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  • Ad Hoc Networks xxx (2012) xxx–xxx

    Contents lists available at SciVerse ScienceDirect

    Ad Hoc Networks

    journal homepage: www.elsevier .com/locate /adhoc

    Impact of human mobility on wireless ad hoc networking in entertainment parks

    Vladimir Vukadinovic ⇑, Fabian Dreier, Stefan Mangold Disney Research Zurich, Clausiusstrasse 49, CH-8092 Zurich, Switzerland

    a r t i c l e i n f o

    Article history: Received 9 August 2011 Received in revised form 20 May 2012 Accepted 30 May 2012 Available online xxxx

    Keywords: Pedestrian mobility GPS traces Opportunistic communication Delay tolerant networking Store-carry-forward networks

    1570-8705/$ - see front matter � 2012 Elsevier B.V

    ⇑ Corresponding author. Tel.: +41 44 632 9491. E-mail addresses: (F. Dreier), stefan (S. Mangold).

    Please cite this article in press as: V. Vukadino Ad Hoc Netw. (2012),

    a b s t r a c t

    Ad hoc networks of wireless devices carried by entertainment park visitors can support a variety of services. In such networks, communication links between the devices sporadi- cally appear and disappear with the mobility of visitors. The network performance strongly depends on how often they encounter each other and for how long the contact opportuni- ties last. In this paper, we study the mobility of visitors based on GPS traces collected in two entertainment parks. We demonstrate and discuss the implications of the observed mobility on the efficiency of opportunistic data forwarding. We show how hourly changes in the number and spatial distribution of the park visitors affect the delay of a broadcast application. Our results suggest that generic mobility models commonly used in wireless research are not appropriate to study this and similar scenarios: Targeted mobility models are needed in order to realistically capture non-stationarity of the number and spatial dis- tribution of nodes. Therefore, we developed a mobility simulator for entertainment parks that can be used to scale up the evaluation scenarios to a large number of devices. The sim- ulator implements an activity-based mobility model, where the mobility of park visitors is driven by the activities they wish to perform in the park. The simulator is calibrated based on the GPS traces and validated on several metrics that are relevant for the performance of wireless ad hoc networks.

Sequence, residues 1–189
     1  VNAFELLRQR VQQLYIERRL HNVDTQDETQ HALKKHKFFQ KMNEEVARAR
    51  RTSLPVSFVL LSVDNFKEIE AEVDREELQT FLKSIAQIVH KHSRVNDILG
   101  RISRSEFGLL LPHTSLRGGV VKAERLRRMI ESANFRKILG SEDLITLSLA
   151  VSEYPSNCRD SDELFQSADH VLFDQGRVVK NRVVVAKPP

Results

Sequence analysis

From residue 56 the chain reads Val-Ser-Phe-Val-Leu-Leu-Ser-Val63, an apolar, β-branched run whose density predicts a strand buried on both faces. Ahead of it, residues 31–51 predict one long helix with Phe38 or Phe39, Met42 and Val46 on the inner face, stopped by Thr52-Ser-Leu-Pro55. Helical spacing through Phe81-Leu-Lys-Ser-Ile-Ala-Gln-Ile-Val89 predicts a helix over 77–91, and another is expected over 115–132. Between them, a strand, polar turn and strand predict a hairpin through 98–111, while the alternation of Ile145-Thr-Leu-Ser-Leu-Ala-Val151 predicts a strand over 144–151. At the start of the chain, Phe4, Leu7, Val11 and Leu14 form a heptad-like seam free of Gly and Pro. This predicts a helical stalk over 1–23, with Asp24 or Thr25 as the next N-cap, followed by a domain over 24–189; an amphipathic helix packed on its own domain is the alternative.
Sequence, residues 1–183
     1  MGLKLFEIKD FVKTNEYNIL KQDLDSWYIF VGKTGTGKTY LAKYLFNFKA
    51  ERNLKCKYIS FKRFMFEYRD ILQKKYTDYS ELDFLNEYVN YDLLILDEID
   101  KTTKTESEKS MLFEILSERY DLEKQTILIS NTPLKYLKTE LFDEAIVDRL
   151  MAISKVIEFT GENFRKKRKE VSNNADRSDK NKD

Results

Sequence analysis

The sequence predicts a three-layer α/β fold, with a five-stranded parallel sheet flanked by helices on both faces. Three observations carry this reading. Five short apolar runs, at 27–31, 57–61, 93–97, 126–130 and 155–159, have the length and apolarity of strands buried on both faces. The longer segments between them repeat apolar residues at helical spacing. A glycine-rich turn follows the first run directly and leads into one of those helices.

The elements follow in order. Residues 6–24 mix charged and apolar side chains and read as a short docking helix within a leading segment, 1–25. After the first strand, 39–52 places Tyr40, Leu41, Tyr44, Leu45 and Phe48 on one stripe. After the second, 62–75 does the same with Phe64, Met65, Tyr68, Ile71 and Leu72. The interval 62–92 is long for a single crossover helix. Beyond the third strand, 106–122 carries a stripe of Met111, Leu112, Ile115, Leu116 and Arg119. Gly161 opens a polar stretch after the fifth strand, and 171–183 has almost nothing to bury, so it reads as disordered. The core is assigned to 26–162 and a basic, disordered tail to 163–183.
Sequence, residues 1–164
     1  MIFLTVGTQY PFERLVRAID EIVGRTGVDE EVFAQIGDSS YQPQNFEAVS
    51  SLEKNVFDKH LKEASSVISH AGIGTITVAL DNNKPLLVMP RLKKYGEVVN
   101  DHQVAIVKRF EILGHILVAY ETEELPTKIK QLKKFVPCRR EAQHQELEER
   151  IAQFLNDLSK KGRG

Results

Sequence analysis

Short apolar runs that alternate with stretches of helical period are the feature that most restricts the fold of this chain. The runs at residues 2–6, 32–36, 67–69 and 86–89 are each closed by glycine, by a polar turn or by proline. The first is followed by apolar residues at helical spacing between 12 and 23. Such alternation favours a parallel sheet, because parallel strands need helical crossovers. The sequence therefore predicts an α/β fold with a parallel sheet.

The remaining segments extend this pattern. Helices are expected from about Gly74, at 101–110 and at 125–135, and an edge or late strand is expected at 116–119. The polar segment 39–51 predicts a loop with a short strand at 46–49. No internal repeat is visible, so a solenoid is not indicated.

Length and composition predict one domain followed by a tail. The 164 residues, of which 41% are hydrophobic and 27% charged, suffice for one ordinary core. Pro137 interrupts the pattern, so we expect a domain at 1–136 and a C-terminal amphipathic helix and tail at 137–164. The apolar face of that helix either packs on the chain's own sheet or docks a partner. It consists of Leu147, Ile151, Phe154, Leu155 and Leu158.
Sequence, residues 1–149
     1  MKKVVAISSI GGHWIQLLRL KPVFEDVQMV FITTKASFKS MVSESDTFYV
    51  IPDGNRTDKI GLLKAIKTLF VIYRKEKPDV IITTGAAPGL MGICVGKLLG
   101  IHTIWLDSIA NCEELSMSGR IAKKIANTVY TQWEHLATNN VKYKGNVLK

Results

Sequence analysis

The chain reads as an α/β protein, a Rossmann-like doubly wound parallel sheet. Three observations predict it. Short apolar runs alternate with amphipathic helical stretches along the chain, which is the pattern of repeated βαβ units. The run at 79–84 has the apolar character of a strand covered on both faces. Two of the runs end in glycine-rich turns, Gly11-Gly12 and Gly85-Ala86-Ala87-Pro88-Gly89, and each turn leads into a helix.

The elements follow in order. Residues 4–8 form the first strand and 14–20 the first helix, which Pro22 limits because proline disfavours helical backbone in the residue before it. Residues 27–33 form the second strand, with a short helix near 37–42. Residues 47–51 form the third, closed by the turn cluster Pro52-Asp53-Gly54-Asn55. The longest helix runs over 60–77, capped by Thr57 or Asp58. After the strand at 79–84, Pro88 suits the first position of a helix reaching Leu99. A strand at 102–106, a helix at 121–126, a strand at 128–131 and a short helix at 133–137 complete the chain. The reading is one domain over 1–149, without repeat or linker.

� 2012 Elsevier B.V. All rights reserved.

    1. Introduction

    For many wireless services, a continuous connectivity and end-to-end paths are not necessary. Unlike in infra- structure-based networks that provide full wireless cover- age, in the so-called ad hoc networks wireless devices communicate directly when within each other’s range. This communication mode is useful when infrastructure-based communication is costly or unavailable. When devices are mobile (e.g. carried by people), the ad hoc communication may experience occasional disruptions as links between de- vices appear and disappear with changes in the distance be- tween the devices. Network applications and protocols

    . All rights reserved.

    (V. Vukadinovic),

    vic et al., Impact of huma 6/j.adhoc.2012.05.011

    need to be delay and disruption tolerant to benefit from such intermittent connectivity [1,2]. This requires re-design of many protocols, especially routing protocols, since an end-to-end path between devices is not necessarily avail- able throughout a communication session [3]. Therefore, messages are forwarded incrementally through the net- work in a store-carry-forward manner when contact oppor- tunities arise. Understanding the mobility of people is crucial because mobility determines the rate and the dura- tion of contact opportunities. Human mobility, however, is not easy to characterize. For example, working-day, shop- ping, and campus mobility will all result in different encounter patterns. For many practical applications, rout- ing/forwarding algorithms must target specific mobility scenarios, even if this limits the scope of their applicability.

    Future services offered to entertainment park visitors might rely on wireless technologies, devices, and applica- tions [20]. Personalized location-based services, mobile

    n mobility on wireless ad hoc networking in entertainment parks,

  • 2 V. Vukadinovic et al. / Ad Hoc Networks xxx (2012) xxx–xxx